Multiple LDAP servers can be configured. If you do this, each additional LDAP server will minimally need its own separate mount point in the DTCPARMS file. Also required is a directory entry for the new LDAP server, a new BFS file space, and appropriate permissions. The port number that additional servers will listen on can be specified as a parameter to the server or in the configuration file.
Since the LDAP server uses the byte file system, the associated shared file system server must be started before TCP/IP.
The LDAP server uses two configuration files. Samples of the two files are distributed on TCPMAINTs 591 disk. The sample files are called LDAP-DS SCONFIG and LDAP-DS SENVVAR. Copy LDAP-DS SCONFIG to TCPMAINTs 198 disk as DS CONF. This is the LDAP server’s primary configuration file. Copy LDAP-DS SENVVAR to TCPMAINTs 198 disk as DS ENVVAR. This file contains environment variables for the LDAP server.
You won’t need to change much in the DS ENVVARs file, which is primarily used to set message logging, debugging, and trace output options. The timezone for LDAP reported messages also is set in this file.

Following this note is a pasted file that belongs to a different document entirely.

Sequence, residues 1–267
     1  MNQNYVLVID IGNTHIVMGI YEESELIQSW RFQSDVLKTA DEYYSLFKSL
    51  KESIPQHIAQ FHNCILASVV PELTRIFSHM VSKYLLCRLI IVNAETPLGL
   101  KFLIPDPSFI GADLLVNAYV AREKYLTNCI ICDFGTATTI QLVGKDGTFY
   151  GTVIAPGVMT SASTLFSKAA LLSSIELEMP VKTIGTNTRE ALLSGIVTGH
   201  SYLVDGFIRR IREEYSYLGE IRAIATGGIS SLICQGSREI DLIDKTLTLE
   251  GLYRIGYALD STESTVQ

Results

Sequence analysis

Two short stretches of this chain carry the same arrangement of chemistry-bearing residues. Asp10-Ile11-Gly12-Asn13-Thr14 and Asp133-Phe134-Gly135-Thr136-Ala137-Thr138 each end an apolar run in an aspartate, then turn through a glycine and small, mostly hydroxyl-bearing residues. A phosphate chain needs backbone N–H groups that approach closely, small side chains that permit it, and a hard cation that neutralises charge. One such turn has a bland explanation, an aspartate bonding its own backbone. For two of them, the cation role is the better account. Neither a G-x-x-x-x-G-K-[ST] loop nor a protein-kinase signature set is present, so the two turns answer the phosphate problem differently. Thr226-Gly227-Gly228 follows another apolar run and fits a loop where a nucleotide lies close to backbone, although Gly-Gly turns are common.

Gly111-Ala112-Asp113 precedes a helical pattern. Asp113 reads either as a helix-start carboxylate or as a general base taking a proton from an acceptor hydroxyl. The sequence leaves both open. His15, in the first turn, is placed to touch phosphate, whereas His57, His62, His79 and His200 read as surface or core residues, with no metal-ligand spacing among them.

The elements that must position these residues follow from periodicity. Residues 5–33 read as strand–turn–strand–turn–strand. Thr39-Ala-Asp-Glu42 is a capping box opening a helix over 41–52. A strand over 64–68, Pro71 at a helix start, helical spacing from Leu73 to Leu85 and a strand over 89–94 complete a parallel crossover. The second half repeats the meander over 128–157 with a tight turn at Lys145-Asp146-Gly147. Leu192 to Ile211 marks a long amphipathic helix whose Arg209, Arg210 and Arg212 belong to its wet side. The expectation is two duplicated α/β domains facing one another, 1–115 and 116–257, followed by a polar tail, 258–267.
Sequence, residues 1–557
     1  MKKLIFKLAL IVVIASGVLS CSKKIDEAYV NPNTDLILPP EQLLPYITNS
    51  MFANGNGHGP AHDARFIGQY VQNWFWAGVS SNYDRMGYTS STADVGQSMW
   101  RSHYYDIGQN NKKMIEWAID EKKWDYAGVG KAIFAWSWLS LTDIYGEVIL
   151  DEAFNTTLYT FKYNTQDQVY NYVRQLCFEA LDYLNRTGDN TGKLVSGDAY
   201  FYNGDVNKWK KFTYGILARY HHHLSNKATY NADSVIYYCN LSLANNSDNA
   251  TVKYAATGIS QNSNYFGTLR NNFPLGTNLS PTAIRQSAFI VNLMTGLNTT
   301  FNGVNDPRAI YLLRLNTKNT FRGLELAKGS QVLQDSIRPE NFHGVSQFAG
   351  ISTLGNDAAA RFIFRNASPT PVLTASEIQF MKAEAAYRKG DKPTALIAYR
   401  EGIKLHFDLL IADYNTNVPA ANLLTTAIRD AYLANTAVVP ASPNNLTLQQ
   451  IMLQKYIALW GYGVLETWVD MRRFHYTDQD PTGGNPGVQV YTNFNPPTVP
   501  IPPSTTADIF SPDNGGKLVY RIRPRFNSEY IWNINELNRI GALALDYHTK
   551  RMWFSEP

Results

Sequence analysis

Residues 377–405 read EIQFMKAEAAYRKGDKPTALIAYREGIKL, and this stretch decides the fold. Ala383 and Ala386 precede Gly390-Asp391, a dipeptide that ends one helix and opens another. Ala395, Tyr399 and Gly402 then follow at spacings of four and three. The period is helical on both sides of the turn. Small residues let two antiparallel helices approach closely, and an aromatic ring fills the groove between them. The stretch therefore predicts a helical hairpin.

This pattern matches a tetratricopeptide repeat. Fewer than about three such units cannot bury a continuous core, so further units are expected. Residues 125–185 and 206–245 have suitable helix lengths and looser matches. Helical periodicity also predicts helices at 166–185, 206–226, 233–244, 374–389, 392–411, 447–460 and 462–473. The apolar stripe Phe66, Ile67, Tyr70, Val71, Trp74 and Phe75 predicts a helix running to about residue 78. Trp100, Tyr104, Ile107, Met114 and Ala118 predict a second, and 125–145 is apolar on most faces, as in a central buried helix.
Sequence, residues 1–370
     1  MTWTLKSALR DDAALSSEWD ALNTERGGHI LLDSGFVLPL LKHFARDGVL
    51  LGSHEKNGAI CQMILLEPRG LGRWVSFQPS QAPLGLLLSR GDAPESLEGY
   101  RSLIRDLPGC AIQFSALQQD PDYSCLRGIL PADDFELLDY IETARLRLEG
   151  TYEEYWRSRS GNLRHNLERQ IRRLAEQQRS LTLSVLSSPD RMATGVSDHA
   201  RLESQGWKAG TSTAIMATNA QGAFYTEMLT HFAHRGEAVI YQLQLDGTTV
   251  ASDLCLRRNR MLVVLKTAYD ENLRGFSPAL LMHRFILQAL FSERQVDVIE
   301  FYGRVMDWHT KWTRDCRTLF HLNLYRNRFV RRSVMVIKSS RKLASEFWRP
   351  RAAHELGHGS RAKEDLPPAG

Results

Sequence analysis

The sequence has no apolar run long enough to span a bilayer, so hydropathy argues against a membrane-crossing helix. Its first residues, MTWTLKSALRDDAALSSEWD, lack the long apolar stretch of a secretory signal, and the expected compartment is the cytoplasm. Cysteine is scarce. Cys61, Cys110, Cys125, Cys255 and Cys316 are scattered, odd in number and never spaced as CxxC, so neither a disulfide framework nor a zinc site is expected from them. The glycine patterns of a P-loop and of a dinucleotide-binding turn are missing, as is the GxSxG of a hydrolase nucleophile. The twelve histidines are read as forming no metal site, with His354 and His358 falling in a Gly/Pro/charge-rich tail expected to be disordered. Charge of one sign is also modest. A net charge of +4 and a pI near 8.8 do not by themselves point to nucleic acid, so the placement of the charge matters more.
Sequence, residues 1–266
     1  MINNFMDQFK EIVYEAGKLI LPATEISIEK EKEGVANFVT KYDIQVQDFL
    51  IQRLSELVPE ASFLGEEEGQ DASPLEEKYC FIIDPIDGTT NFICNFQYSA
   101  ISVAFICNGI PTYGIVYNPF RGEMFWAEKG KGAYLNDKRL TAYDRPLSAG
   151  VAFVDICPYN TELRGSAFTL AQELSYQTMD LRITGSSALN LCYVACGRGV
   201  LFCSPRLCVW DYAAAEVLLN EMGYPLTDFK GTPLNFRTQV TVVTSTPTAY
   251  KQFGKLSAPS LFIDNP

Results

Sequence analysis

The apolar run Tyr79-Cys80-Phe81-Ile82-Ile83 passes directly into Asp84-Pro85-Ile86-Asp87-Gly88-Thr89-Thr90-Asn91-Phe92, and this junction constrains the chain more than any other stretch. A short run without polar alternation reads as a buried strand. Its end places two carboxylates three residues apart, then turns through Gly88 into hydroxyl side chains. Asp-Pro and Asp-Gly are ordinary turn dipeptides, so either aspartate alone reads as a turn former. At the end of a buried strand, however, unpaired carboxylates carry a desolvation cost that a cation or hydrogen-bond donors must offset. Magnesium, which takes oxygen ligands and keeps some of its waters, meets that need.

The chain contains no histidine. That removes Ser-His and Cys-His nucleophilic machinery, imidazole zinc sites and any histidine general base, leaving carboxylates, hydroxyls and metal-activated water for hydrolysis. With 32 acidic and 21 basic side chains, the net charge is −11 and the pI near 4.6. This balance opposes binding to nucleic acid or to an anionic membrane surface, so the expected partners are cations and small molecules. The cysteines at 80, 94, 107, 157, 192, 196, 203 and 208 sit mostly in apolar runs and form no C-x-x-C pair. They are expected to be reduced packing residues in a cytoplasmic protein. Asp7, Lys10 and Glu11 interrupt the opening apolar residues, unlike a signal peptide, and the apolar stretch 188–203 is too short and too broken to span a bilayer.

Most configuration for the LDAP server occurs in the DS CONF file. If you’re going to use a different name for this file, you will need to indicate this to the LDAP server on the PARMS tag in the DTCPARMS file.
The configuration file includes a global section and a section for each of the three database back-ends. A back-end is activated by uncommenting its associated keyword in the configuration file.
To configure the LDAP server, start by editing the DS CONF file. In the global section, set the adminDN and adminPW keywords as follows:
The cn, in LDAP terms, stands for Common Name, and is frequently used. In the LDBM section of the file, there’s a database keyword you will need to uncomment to activate the LDBM backend. Additionally, you will need to specify a suffix for the LDAP server; this identifies the LDAP server to any LDAP clients or servers with which it may communicate. For example: